By Julie Watts

SACRAMENTO (CBS13) — Governor Newsom announced his $222 billion budget proposal on Friday.

The budget is expands funding for health care, education, and the homeless crisis. Newsom is also aiming to drive down the price of prescription drugs. He wants California to become the first state in the nation to establish its own drug label and extend health care to older, low-income immigrants who are in the country illegally.

CBS13 investigative reporter Julie Watts sat down with the Governor on Friday to discuss what the budget proposal means for Californians’ day-to-day cost of living.

We gave the governor an example of a viewer who makes $60,000 a year, too much to qualify for the expanded earned income tax credit. She lives in a high fire danger area, so she can’t get fire insurance. She has high prescription drug costs, and she has to pay for child care because her kid’s kindergarten is only half-day.

Last year the governor vetoed a bill that would have made mandated full-day kindergarten to get rid of that cost.

The following is part of the Q&A between Julie and Governor Newsom:

Julie: How does this budget impact those folks who aren’t at the poverty level but can’t survive in California?

Newsom: “Well, she probably is the biggest beneficiary, of not just this year’s budget but last year’s budget. We put $300 million to expand full-day kindergarten, and did more to improve the quality of the education of her child than we ever have in the past, and we’ve provided now unprecedented healthcare coverage and subsidies that she otherwise would not have been afforded. They’re deeper subsidies and we’ve expanded it  in case she earns $70,000+ which would trigger, in the past, a 400% double poverty level where she would have gotten nothing. So she is exactly the person we had in mind with this year’s budget.”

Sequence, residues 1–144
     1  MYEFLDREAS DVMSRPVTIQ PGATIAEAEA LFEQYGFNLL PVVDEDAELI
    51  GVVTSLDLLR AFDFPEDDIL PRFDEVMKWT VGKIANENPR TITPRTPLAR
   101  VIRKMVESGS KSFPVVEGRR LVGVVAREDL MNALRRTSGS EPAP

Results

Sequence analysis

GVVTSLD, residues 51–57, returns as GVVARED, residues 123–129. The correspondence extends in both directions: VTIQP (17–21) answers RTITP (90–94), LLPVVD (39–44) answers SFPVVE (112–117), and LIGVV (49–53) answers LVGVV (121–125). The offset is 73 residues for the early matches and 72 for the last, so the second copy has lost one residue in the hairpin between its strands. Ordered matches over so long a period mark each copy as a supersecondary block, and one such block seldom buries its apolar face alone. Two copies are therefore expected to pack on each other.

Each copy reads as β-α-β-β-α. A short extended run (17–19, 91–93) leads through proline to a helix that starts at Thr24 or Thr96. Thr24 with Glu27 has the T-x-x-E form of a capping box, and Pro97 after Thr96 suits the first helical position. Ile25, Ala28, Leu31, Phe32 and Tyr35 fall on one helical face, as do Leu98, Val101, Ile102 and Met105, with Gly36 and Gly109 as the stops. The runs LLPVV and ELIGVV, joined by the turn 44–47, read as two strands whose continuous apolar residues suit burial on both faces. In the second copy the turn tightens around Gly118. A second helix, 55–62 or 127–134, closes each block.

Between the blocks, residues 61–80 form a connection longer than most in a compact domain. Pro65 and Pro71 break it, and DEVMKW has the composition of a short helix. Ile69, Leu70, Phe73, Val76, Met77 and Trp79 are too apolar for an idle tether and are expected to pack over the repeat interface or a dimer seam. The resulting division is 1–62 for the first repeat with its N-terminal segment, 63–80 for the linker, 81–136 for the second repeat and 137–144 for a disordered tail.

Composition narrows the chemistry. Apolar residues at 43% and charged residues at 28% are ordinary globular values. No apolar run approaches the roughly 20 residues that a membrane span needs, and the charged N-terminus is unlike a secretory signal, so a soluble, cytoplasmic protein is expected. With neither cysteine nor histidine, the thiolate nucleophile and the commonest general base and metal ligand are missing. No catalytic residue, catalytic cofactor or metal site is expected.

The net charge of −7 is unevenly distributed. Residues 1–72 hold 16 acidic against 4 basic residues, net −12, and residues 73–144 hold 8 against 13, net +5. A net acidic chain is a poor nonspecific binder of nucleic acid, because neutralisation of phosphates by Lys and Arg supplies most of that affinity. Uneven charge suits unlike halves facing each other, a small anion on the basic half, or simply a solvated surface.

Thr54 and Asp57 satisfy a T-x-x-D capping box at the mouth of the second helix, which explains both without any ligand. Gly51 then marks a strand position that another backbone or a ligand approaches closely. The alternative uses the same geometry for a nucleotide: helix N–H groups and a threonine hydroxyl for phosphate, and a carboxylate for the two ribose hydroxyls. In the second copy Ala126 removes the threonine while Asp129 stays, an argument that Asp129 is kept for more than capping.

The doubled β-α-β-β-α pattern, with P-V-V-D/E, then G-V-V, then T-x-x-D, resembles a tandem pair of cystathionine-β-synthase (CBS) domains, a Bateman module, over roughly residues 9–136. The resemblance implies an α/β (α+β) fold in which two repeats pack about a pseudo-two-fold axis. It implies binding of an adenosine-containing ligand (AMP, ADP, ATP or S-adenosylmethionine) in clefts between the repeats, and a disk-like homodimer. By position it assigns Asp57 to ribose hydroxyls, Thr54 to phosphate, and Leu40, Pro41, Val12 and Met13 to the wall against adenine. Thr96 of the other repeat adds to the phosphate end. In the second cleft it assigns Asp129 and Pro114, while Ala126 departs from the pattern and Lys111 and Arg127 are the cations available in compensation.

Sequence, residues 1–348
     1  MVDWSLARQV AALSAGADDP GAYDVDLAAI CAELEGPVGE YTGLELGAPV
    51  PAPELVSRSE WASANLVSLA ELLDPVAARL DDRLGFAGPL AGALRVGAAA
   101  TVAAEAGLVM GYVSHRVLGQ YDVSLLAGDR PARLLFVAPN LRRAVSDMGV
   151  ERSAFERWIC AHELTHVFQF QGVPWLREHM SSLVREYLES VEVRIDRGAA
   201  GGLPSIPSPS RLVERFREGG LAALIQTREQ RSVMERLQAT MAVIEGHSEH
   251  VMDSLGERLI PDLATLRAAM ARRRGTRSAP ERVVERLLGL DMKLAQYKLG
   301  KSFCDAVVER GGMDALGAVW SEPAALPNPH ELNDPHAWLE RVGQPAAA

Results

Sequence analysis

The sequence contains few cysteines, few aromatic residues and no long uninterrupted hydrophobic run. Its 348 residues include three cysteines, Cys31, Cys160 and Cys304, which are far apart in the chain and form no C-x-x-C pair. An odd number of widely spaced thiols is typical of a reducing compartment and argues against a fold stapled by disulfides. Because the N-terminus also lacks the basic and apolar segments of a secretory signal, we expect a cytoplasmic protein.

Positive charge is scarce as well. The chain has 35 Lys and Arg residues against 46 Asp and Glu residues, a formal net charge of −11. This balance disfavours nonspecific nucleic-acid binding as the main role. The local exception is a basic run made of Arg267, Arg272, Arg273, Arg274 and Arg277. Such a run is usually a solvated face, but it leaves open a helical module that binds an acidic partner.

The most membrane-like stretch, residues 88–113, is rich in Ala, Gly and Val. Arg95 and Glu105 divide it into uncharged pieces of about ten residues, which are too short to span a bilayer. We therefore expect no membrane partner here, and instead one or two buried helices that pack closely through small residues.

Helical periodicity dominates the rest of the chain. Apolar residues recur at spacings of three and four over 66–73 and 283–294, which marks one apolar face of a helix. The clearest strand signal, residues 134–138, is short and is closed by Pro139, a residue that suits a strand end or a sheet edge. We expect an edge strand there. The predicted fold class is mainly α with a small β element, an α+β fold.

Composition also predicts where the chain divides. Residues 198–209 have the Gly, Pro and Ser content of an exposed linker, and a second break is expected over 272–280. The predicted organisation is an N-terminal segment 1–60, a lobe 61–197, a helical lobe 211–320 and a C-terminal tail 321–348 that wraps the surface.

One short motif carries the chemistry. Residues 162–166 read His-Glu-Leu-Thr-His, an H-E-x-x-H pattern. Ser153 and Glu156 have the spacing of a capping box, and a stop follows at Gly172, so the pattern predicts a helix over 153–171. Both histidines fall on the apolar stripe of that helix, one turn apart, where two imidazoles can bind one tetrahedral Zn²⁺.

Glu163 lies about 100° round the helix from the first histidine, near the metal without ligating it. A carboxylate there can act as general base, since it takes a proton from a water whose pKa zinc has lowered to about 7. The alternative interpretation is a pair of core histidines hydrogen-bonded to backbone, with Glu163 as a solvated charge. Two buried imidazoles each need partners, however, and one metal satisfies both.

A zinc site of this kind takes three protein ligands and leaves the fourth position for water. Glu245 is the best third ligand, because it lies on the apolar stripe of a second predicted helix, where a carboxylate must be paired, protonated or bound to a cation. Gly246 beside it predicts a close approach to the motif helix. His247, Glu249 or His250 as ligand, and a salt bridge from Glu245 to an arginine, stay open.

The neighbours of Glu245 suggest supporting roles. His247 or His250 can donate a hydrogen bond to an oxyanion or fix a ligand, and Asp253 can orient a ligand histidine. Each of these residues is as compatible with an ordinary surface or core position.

Julie: We are dealing with a lot of viewers who are fleeing the state, mostly because they can’t afford to keep thier homesin the foothills because they can’t get insurance. How does this budget address that?

Newsom: “We have over $100 million in home hardening support, which ultimately helps with requirements  for insurance…defensible space, specifically $75 million for grants.”

Julie: So people will be able to apply for that money to help increase their defensible space and hopefully insurers will choose to insure them?

Newsom: “We’re going to do more on insurance reform. That’s a separate conversation being done parallel with our budget.”

Newsom also spoke about the new prescription drug program and expanded paid family leave, which still does not apply to public employees like first responders and teachers.

You can watch the full interview below:

State lawmakers have until June 15th to vote on the budget.

Julie Watts

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